Attention is directed firstly to the construction of the sear 164. For convenience this is shown on an enlarged scale in perspective in FIGS. 9a and 9b. It will be seen that each of the arms 176 has a protrusion 176a which extends approximately radially in a direction generally at right angles to the direction in which the main body of the arm 176 extends. As can be seen in FIG. 5, when the device is its inoperative position one of these protrusions 176a bears against a flat spring 200 which is of generally U-shape and which is secured intermediate its ends to the bottom of the housing. The spring 200 extends about a pin 201 extending laterally from one of the side walls 154 of the housing. The spring includes upwardly bent portions 200a and 200b located on opposite sides of the pin which serve to position the spring relative to the pin. The extension 200c of the spring is inclined upwardly and is depressed by the protrusion 176a when the elements are in the position shown in FIG. 5. Accordingly, the flat spring biases the sear in the clockwise direction. No second strip spring need be provided on the other side of the device, and the other protrusion 176a is therefore, strictly speaking, unnecessary. The protrusions 176a serve firstly to prevent the sear from rotating too far counterclockwise as viewed in FIGS. 5 to 7. In the absence of the protrusions the sear might rotate so far that the notch 166 would not be in a position to be engaged by the distal end portion 168 of the lever 136 during the procedure of restoring the device to its initial inoperative condition after inhalation (i.e. restoring it to the condition shown in FIG. 5). The presence of the protrusions 176a and the clockwise bias of the spring 200 acting on the protrusion 176a ensures that the notch 166 is in the correct position after inhalation for engagement by the distal end portion 168.
The protrusion 176a which engages the spring 200 has a light force exerted thereon by the spring, and this provides an additional impetus to the sear to ensure its clockwise rotation when inhalation takes place, over and above the force exerted on the notch 166 by the distal end portion 168 of the lever 136.
It will also be seen from FIGS. 9a and 9b, that on the opposite side of the arm 176 to the protrusion 176a is a further protrusion 176b. As can be appreciated by considering, for example FIG. 7, the protrusions 176b prevent excessive rotation of the sear in a clockwise direction by abutting the bottom wall of the housing.
One further aspect of the sear which should be noted is that the regions of the sear immediately on either side of the notch 166 are provided with recesses 169. During the initial stage of returning the device after inhalation to the state of FIG. 5 rotation of the sear in a counterclockwise direction is accomplished by engagement between the distal end portion 168 of the lever 136 and the notch 166. However, the final portion of this counterclockwise rotation is accomplished by engagement between cam surfaces 204 on the lever 136 and the recesses 169. At this point it may be convenient to note that the yoke 136 differs somewhat from the yoke 36 used in the first embodiment. In particular, the arm 57 is absent, so that there extends rearwardly from the main portion of the lever 136 a pair of arms 202 which are not connected at their rearward ends. The upper portion of the strap has a section of reduced width and increased thickness 178a between the arms 202, and sections of full width and increased section immediately above and below the arms. The section above the arms is convex and is received in a pair of concave recesses 203, one formed in each of the arms 202.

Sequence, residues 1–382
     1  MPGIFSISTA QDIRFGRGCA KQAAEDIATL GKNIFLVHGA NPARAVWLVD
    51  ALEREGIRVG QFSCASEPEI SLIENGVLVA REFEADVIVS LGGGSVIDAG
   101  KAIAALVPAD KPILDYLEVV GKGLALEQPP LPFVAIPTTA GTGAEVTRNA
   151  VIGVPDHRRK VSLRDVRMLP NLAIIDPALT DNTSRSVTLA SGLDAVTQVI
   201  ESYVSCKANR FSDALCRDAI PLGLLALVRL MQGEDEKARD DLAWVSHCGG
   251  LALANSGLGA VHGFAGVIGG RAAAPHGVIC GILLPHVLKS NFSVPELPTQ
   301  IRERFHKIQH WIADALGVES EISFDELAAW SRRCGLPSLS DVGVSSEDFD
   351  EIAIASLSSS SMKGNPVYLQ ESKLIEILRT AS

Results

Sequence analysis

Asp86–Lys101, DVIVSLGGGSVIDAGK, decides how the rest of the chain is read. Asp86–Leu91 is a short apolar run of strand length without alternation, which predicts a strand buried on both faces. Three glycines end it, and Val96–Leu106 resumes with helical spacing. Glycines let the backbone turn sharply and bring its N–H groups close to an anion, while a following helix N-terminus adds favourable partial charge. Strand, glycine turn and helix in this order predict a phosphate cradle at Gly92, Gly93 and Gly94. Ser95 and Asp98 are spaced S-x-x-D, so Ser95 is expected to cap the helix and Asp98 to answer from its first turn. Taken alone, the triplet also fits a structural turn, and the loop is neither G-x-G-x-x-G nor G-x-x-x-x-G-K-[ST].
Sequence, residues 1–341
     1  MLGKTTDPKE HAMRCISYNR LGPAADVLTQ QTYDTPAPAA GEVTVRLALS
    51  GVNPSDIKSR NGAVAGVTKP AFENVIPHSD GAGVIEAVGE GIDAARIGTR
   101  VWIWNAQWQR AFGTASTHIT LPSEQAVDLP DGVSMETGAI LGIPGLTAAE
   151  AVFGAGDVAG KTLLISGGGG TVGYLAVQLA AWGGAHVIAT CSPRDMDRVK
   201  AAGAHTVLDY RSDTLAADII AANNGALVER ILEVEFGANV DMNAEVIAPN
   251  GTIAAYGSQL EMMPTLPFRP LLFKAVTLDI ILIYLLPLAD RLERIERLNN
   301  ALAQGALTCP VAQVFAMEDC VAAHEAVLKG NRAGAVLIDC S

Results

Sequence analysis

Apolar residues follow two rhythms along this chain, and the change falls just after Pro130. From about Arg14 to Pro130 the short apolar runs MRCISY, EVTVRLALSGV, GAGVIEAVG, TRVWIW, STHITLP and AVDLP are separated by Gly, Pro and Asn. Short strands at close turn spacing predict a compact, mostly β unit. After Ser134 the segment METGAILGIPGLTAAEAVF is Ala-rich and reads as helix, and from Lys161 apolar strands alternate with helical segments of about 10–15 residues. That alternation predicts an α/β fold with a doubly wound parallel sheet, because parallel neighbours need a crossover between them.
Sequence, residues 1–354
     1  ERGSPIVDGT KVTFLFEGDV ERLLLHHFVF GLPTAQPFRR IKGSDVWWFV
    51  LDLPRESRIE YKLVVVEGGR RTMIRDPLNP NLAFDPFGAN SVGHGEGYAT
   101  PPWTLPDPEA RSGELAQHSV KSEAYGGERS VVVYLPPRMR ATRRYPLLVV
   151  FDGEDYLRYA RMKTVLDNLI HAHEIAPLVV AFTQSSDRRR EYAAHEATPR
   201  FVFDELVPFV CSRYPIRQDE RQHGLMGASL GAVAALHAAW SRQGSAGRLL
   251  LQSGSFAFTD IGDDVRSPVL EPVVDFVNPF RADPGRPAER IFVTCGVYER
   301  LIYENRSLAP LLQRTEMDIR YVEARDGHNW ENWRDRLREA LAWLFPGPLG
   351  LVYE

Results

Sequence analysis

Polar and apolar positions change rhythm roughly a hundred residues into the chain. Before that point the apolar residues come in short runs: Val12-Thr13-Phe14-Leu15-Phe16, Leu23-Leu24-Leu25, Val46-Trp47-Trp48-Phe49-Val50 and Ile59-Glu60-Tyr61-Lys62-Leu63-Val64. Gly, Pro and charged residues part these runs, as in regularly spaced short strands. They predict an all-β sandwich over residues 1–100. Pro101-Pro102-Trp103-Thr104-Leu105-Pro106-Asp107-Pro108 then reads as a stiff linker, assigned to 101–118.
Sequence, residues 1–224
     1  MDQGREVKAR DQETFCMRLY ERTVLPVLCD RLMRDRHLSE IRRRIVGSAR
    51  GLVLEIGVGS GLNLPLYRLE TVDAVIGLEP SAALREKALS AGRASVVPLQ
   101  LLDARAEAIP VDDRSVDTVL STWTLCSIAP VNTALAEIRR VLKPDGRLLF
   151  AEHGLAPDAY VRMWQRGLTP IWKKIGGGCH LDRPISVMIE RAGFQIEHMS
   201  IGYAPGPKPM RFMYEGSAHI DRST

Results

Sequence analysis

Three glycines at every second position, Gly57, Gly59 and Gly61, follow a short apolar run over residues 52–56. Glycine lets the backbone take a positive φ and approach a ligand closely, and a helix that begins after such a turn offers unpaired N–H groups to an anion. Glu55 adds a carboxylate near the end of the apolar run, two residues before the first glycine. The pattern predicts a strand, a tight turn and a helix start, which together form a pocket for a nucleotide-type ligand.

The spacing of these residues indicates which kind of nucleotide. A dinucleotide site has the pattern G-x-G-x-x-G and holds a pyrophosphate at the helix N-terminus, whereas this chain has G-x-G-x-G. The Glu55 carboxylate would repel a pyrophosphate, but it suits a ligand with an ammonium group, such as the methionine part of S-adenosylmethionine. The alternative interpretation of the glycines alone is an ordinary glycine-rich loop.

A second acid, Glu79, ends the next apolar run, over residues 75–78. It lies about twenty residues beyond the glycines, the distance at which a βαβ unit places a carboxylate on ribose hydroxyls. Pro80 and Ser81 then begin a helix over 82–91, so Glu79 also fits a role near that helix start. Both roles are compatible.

The U-shaped spring 200 serves a purpose in addition to exerting a force on one of the protrusions 176a. As can be seen in FIGS. 5 to 7 the upper portion of the spring bears on one of the arms 70a of the latch member 70. This helps to ensure that after the cap 180 has been removed from the nozzle 48, as indicated in FIG. 6, the latch member 70 cannot become accidentally disengaged from the arms 76, and that disengagement will only take place when the user inhales. The presence of the spring 200 means that a slight additional force has to be exerted through inhalation in order to disengage the latch member from the arms 76, but this additional force is slight, provided the spring 200 is chosen to be appropriately weak. Furthermore, the effect of the spring 200 in requiring an additional force is more than counterbalanced by an improvement in the design of the air vane of the embodiment of FIGS. 5 to 9, over and above the air vane used in the embodiment of FIGS. 1 to 4. As can be seen in FIG. 5, the air vane 179 is provided with side walls 179a which extend forwardly from the main portion of the air vane and approximately perpendicular thereto. The side walls are each close to a respective side wall 154, and their presence helps to ensure that the suction force produced when a patient inhales is highly effective in producing a force on the air vane. The main portion of the air vane 179 has a button 179b which, in the position shown in FIG. 5, is received in the opening 184. The main purpose of this is to provide a button which is clearly identifiable to a user as being such. It should be mentioned at this point that if a user desires to do so he can, instead of operating the device automatically by inhalation, operate it by pressing the button 179b and thereby causing the air vane 179 to move inwardly as it would have done had the patient caused it to move by inhalation.